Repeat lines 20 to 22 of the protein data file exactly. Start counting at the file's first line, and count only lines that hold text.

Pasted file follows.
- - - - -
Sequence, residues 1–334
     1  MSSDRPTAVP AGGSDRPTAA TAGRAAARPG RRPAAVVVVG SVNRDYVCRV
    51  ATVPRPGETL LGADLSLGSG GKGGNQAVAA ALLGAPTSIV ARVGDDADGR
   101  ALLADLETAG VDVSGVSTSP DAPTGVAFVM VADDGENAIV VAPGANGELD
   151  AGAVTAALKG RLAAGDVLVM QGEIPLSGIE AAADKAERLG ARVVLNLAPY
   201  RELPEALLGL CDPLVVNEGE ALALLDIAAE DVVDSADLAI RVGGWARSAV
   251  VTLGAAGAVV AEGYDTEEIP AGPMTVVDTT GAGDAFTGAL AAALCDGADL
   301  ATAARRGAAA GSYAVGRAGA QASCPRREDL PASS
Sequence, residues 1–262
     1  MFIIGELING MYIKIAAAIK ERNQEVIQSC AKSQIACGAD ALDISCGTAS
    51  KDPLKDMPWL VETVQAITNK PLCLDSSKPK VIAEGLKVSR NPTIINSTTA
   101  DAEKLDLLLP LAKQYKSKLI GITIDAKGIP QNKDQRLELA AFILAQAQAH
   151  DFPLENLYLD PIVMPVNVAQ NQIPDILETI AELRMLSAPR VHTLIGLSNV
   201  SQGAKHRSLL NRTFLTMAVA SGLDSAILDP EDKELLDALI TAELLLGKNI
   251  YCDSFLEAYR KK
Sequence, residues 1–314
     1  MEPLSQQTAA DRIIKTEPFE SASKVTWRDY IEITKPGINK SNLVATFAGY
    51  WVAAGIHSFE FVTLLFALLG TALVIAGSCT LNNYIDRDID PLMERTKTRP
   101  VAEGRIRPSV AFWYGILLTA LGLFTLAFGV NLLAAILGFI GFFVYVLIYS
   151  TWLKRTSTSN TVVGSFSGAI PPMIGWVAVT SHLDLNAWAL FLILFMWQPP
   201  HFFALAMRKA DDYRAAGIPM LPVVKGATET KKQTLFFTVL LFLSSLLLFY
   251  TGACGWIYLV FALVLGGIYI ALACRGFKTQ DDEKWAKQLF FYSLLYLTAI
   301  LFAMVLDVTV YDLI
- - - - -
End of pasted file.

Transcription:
   151  TWLKRTSTSN TVVGSFSGAI PPMIGWVAVT SHLDLNAWAL FLILFMWQPP
   201  HFFALAMRKA DDYRAAGIPM LPVVKGATET KKQTLFFTVL LFLSSLLLFY
   251  TGACGWIYLV FALVLGGIYI ALACRGFKTQ DDEKWAKQLF FYSLLYLTAI